Narrowband IoT (NB-IoT) is a Low Power Wide Area Network radio technology standard developed by 3GPP to enable a wide range of cellular devices and services mainly targeting IoT applications. NB-IoT focuses specifically on indoor coverage, low cost, long battery life, and high connection density. NB-IoT uses a subset of the LTE standard, but limits the bandwidth to a single narrow-band of 200kHz thus enabling speeds in a range of 100kbps.
Cloud services are made available to users via the Internet. They are provided by cloud computer servers rather than a company’s own servers which when it comes to the IoT or even Industry 4.0 opens up many application possibilities.
New algorithms can be opened up that normally only server farms run due to the high power requirement or massive dataset analysis
- A typical case is when learning what is normal machine behavior so that it is then able to detect different behavioral patterns and prevent failure or machine stop. This is made possible as it obtains contextual analysis or combines unstructured data analytics. An operation, which is known as Machine Learning.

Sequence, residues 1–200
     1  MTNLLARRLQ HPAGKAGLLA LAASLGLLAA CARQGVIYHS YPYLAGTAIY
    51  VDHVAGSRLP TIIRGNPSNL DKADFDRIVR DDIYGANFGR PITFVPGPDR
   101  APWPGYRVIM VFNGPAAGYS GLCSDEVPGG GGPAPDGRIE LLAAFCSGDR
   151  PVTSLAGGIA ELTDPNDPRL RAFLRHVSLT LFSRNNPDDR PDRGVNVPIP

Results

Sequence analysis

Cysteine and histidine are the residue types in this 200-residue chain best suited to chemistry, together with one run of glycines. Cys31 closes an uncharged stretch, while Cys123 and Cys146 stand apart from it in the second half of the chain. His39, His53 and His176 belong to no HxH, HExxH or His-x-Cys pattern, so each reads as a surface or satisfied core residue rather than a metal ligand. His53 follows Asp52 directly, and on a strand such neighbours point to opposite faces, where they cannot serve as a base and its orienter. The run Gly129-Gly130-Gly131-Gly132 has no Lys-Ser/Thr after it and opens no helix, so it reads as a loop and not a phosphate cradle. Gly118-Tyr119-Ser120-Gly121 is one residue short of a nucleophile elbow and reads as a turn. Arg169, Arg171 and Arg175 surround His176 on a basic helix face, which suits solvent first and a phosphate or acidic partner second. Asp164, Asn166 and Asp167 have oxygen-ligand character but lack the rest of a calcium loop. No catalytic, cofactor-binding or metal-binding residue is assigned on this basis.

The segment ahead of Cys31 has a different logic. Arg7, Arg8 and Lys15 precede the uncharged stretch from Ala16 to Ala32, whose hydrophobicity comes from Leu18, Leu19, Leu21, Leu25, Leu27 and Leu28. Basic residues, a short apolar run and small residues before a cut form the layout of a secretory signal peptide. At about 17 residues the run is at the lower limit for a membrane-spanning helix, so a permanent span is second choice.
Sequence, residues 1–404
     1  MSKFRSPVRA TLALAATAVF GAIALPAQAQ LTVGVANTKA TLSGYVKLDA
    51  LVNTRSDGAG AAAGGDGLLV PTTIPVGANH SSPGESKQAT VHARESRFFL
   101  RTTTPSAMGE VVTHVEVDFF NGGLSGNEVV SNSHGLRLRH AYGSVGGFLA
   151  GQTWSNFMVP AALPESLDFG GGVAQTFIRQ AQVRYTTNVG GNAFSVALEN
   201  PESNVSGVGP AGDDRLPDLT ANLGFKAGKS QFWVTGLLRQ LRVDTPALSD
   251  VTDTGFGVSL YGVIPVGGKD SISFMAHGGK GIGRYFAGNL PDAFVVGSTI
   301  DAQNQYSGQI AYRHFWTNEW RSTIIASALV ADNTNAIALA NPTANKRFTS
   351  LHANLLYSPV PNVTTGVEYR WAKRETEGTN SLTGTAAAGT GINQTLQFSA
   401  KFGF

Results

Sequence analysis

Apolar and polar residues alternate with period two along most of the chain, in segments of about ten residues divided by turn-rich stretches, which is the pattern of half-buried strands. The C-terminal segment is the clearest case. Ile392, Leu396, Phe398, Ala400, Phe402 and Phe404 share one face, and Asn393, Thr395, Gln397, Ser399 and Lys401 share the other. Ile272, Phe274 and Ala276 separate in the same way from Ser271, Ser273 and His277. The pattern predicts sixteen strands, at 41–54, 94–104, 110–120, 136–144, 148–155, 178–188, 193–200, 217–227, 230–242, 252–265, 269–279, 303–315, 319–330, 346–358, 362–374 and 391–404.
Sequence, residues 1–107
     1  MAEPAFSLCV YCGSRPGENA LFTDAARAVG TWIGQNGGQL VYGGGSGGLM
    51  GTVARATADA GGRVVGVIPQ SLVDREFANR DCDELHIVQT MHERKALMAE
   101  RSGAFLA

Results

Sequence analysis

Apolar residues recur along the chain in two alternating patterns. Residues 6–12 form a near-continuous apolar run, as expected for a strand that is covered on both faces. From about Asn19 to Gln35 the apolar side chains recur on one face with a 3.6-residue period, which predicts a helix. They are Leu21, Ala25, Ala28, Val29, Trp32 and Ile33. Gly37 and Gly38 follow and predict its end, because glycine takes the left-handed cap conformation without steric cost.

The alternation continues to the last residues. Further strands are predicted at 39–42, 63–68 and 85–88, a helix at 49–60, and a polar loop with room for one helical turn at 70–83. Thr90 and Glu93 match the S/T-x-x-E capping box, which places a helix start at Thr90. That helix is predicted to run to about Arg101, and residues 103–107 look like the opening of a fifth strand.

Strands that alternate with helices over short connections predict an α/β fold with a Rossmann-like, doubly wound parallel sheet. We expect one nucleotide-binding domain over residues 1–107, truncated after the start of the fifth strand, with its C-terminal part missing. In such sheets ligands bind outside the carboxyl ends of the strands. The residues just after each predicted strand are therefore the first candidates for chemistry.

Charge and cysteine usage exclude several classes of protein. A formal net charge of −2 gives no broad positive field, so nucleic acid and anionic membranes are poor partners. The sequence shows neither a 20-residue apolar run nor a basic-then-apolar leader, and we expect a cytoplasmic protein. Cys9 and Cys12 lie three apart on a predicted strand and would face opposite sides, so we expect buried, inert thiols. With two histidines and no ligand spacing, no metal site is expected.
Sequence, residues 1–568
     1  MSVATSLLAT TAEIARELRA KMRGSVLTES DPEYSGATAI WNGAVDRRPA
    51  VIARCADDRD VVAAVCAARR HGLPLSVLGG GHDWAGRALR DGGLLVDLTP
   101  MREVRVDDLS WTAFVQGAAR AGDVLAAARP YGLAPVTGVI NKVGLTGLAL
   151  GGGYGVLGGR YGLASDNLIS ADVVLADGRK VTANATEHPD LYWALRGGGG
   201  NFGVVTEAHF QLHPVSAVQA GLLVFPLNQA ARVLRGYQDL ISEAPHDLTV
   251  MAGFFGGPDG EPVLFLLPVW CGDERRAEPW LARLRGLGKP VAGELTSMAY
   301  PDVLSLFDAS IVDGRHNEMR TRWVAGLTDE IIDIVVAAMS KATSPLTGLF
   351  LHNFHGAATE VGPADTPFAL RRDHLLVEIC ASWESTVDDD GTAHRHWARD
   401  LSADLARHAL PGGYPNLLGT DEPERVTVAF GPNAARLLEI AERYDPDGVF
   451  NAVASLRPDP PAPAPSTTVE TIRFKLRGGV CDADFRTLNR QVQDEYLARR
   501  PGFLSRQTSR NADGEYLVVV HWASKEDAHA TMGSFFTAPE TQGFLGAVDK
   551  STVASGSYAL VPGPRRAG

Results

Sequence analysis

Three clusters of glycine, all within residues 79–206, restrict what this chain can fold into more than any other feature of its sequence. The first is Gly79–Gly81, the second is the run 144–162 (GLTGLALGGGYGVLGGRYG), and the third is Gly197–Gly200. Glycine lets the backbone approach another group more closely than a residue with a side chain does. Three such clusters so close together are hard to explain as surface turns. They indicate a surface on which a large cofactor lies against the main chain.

- A dashboard showing a summary from large scale data sets
- Accessible data from everywhere that can be diagnostic information or status.
Application platforms are a type of cloud service (or platform) where customers can host their own application as well interconnect with analytics / dashboard etc.
IoT platforms are a type of cloud service that has adapted to devices as devices connected to the cloud need to be managed, many times also referred as management platforms:
- Over the air upgrades mean product features can be added over time, problems can be identified and fixed easily
- Identity & security policy management is crucial so all settings and certificates need to be kept update
- Device on boarding / provisioning / commissioning management
- Management device lifecycle
- Connectivity management needs to enable heterogeneous application protocols or media interconnect such as IP, LoRa, SIGFOX, cellular etc.
- Expose interfaces for application platform so access can be obtained to device data for further analytics.